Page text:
And now for something refreshingly different: an innovative company that is doing identity right.
I'm talking about a British outfit called Touch2Id. Their concept is really simple. They offer young people a smart card that can be used to prove they are old enough to drink alcohol. The technology is now well beyond the “proof of concept” phase – in fact its use in Wiltshire, England is being expanded based on its initial success.
- To register, people present their ID documents and, once verified, a template of their fingerprint is stored on a Touch2Id card that is immediately given to them.
- When they go to a bar, they wave their card over a machine similar to a credit card reader, and press their finger on the machine. If their finger matches the template on their card, the lights come on and they can walk on in.
What's great here is:
- Merchants don't have to worry about making mistakes. The age vetting process is stringent and fake IDs are weeded out by experts.
- Young people don't have to worry about being discriminated against (or being embarassed) just because they “look young”
- No identifying information is released to the merchant. No name, age or photo appears on (or is stored on) the card.
- The movements of the young person are not tracked.
- There is no central database assembled that contains the fingerprints of innocent people
- The fingerprint template remains the property of the person with the fingerprint – there is no privacy issue or security honeypot.
- Kids cannot lend their card to a friend – the friend's finger would not match the fingerprint template.
- If the card is lost or stolen, it won't work any more
- The templates on the card are digitally signed and can't be tampered with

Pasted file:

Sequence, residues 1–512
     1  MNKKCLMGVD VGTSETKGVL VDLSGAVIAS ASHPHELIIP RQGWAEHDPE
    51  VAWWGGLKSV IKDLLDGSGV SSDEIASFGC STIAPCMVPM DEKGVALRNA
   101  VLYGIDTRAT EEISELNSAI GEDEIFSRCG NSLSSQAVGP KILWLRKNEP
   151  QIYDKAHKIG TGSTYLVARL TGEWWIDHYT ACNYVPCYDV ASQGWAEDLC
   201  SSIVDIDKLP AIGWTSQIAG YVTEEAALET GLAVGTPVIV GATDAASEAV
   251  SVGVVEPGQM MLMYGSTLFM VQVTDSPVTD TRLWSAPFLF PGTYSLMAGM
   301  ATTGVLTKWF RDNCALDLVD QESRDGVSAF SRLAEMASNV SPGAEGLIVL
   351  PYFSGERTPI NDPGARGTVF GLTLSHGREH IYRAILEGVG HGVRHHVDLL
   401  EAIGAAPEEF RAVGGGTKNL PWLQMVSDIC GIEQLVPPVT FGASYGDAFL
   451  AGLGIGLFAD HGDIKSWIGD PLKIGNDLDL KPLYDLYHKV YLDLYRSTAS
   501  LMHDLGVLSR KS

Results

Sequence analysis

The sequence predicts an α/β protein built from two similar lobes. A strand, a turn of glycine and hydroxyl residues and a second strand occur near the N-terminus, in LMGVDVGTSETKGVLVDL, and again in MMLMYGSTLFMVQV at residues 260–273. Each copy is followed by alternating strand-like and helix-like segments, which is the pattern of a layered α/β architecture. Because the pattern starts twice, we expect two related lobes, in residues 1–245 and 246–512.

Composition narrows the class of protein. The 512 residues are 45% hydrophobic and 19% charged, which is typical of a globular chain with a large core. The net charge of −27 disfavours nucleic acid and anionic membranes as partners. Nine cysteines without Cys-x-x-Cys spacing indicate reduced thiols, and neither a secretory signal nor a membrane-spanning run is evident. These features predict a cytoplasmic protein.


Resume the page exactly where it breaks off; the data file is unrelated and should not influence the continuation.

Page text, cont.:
I met the man behind the Touch2Id, Giles Sergant, at the recent EEMA meeting in London.
Being a skeptic versed in the (mis) use of biometrics in identity – especially the fingerprinting of our kids – I was initially more than skeptical.
But Giles has done his homework (even auditing the course given by privacy experts Gus Hosein and Simon Davies at the London School of Economics). The better I understood the approach he has taken, the more impressed I was.
Eventually I even agreed to enroll so as to get a feeling for what the experience was like. The verdict: amazing. Its a lovely piece of minimalistic engineering, with no unnecessary moving parts or ugly underbelly. If I look strangely euphoric in the photo that was taken it is because I was thoroughly surprised by seeing something so good.
Since then, Giles has already added an alternate form factor – an NFC sticker people can put on their mobile phone so they don't actually need to carry around an additional artifact. It will be fascinating to watch how young people respond to this initiative, which Giles is trying to grow from the bottom up. More info on the Facebook page.